Planet, the newest member of the Seattle area’s galaxy of satellite data operations, is on track to shoot high-resolution images of the entire Earth every day.
The San Francisco-based satellite imaging company recently opened offices in Bellevue, where it plans to dip into the local tech talent pool to build its team of software engineers. With additional offices in Germany, Canada, and the Netherlands, Planet has more than 350 employees.
The 6-year-old startup has hired three engineers locally so far and aims to add about 12 more by the end of the year.
“We are happy to join the community,” said Karthik Govindhasamy, Planet’s chief technology officer and a former Microsoft and Nokia engineer. “It made logical sense to us to open an office here given the ecosystem, given the tech and space industries here.”
To attract the talent they seek, Planet is competing with a number of other businesses in the area, including SpaceX, Planetary Resources, Spaceflight Industries and its BlackSky subsidiary, not to mention the big aerospace companies like Aerojet Rocketdyne, Boeing, Blue Origin, Tethers Unlimited and Vulcan Aerospace.
“We are confident that the Planet mission will excite the talent to come and work for us,” Govindhasamy said.
So far, he said, Planet has launched 145 of its Dove nanosatellites into orbit, 61 of which are currently operational
“We’re gathering an unprecedented amount of global data, and delivering it quickly online like nobody has done before. We’ve gone up to collecting 50 million square kilometers of imagery a day. When you think about it, that’s one-third of the Earth’s land mass.”
This quarter, if launch schedules hold, Planet will more than double its fleet, upping imaging “revisit” rates to three to six days per week. The Doves are normally deployed from the International Space Station or India’s PSLV launch vehicle.
The ability to access more imagery more quickly and easily is the reason California-based Orbital Insight partnered with Planet, said Kevin O'Brien, Orbital's chief business officer. Orbital extracts economic metrics from satellite and drone imagery to measure change on national and global levels.
“Planet is really changing the industry because they’re launching this massive constellation of CubeSats, or small satellites, and one of the big benefits of that is they’re going to be imaging the earth on a real-time basis,” O’Brien said. “Instead of visiting an oil tank or bridge or some other type of asset every two weeks, they can do it once a week or once every two days, and, eventually, every day.”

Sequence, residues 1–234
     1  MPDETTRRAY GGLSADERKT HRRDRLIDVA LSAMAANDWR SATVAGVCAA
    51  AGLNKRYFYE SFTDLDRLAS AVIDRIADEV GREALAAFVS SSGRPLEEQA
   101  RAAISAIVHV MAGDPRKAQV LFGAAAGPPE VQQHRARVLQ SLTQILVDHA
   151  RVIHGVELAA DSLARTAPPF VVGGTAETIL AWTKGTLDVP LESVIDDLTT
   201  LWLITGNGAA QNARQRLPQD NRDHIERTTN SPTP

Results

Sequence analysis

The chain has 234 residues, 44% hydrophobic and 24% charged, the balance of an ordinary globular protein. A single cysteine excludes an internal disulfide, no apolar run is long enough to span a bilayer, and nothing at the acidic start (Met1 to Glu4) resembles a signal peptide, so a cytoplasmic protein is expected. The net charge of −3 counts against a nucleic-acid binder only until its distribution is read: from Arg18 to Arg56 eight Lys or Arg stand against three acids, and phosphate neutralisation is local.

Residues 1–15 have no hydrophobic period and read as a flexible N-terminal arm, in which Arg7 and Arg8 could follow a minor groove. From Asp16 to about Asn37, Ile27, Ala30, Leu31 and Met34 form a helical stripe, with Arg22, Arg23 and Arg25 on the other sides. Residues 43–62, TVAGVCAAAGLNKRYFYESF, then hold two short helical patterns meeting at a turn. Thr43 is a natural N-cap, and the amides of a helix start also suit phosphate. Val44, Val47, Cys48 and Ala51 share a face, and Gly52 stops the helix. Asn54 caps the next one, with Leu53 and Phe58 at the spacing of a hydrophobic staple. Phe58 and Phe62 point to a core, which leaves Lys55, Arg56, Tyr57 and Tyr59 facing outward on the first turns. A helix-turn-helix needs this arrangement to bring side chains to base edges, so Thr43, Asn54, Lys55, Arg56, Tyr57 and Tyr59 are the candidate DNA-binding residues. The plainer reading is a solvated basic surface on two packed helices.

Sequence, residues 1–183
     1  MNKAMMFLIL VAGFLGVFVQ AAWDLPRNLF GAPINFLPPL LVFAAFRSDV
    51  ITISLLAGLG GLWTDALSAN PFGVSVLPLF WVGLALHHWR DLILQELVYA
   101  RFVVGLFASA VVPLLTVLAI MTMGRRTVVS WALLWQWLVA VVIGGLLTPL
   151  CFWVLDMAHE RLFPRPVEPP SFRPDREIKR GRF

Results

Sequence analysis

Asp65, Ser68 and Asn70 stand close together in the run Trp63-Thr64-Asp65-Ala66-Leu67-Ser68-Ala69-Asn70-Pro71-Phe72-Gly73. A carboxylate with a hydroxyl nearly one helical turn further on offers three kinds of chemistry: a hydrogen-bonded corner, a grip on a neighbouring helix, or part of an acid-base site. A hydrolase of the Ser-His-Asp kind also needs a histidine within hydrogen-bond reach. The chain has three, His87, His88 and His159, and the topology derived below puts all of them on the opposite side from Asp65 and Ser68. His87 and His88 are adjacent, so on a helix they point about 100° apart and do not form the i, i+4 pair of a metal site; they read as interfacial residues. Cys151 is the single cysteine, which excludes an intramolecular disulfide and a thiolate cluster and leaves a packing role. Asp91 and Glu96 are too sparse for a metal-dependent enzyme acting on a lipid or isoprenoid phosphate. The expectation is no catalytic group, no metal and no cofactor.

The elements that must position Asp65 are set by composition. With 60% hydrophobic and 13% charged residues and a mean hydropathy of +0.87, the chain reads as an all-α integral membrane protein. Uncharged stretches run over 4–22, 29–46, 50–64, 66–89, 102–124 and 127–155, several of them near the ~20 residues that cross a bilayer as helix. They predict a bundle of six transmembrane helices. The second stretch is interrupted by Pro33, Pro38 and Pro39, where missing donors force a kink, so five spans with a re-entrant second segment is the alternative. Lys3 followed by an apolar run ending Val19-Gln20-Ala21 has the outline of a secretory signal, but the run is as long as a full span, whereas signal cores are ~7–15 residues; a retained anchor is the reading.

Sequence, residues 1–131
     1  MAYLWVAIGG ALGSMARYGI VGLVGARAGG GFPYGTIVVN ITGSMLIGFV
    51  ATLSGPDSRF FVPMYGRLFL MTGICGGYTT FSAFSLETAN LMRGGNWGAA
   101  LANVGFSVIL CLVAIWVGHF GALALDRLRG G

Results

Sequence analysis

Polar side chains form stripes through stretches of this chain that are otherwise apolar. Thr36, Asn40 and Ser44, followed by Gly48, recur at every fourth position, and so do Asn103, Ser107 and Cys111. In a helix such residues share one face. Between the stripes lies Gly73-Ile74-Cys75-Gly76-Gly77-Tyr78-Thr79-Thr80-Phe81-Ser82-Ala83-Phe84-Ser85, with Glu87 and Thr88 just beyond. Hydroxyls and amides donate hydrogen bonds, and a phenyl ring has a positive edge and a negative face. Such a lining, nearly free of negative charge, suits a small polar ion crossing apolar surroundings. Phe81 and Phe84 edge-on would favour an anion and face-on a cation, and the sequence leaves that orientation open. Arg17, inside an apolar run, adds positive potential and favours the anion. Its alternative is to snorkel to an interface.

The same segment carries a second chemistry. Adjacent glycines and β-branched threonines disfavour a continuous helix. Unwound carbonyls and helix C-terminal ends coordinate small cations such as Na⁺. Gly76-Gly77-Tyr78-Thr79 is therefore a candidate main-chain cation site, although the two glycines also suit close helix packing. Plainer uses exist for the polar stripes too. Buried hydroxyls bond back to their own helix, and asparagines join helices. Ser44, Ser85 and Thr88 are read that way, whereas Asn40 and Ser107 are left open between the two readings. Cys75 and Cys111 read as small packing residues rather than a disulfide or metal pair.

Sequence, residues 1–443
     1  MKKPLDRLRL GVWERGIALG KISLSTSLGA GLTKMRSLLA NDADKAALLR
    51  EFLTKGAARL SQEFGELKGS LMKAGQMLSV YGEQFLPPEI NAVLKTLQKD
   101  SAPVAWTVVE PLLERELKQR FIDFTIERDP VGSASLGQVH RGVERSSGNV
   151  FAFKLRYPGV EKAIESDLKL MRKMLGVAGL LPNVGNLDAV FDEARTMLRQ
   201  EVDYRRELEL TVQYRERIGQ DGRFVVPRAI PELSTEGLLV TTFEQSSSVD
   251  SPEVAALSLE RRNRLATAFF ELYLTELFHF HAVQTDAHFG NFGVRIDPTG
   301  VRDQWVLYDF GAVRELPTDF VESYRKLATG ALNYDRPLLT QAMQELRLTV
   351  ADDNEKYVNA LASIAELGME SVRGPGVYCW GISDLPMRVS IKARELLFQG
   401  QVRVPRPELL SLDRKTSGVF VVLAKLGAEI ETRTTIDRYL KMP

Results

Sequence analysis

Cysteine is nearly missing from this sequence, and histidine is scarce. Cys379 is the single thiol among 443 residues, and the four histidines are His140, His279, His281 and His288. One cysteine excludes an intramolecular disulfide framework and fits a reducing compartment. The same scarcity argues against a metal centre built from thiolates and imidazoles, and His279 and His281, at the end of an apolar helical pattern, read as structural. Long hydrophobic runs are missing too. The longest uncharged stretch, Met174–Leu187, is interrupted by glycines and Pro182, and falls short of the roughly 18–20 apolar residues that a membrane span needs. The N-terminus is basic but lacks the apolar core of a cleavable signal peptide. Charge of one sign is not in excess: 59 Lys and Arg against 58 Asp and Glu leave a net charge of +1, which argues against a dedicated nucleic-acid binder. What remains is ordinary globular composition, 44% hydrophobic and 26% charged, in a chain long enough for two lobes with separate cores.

Currently, Planet data is being distributed in more than 100 countries and serves a variety of industries, the biggest being agriculture, Govindhasamy said. Companies like FarmersEdge, Farmshots and the Climate Corporation analyze Planet data to help farmers map out management zones, determine nitrogen levels and moisture content in soil, and monitor crop growth overs a season.
Analytical firm Descartes Labs uses the imagery to forecast corn and soy crops weekly, while Orbital can look at oil storage tanks and calculate world oil production.
Planet was one of the first companies to realize that universities working with aerospace students in the mid-1990s to build CubeSats were on to a good thing, said Phil Smith, a space industry analyst with The Tauri Group. It costs roughly $100,000 to build a CubeSat, which is inexpensive in the space industry, he noted.
“Planet discovered that three CubeSats together – to make a shape like a loaf of bread – can take some pretty neat pictures of Earth.” Investors thought it was a good idea too and allowed Planet to raise $183 million in seed funding, Smith added.
And while the company is certainly motivated by money, it also cares about providing data to improve the health of the planet, he said.